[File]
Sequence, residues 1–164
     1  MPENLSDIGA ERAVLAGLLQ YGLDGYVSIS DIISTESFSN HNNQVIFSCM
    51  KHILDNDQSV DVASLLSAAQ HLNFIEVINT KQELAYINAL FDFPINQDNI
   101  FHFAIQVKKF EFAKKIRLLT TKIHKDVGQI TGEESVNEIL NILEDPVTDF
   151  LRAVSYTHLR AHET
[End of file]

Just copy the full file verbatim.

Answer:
Sequence, residues 1–164
     1  MPENLSDIGA ERAVLAGLLQ YGLDGYVSIS DIISTESFSN HNNQVIFSCM
    51  KHILDNDQSV DVASLLSAAQ HLNFIEVINT KQELAYINAL FDFPINQDNI
   101  FHFAIQVKKF EFAKKIRLLT TKIHKDVGQI TGEESVNEIL NILEDPVTDF
   151  LRAVSYTHLR AHET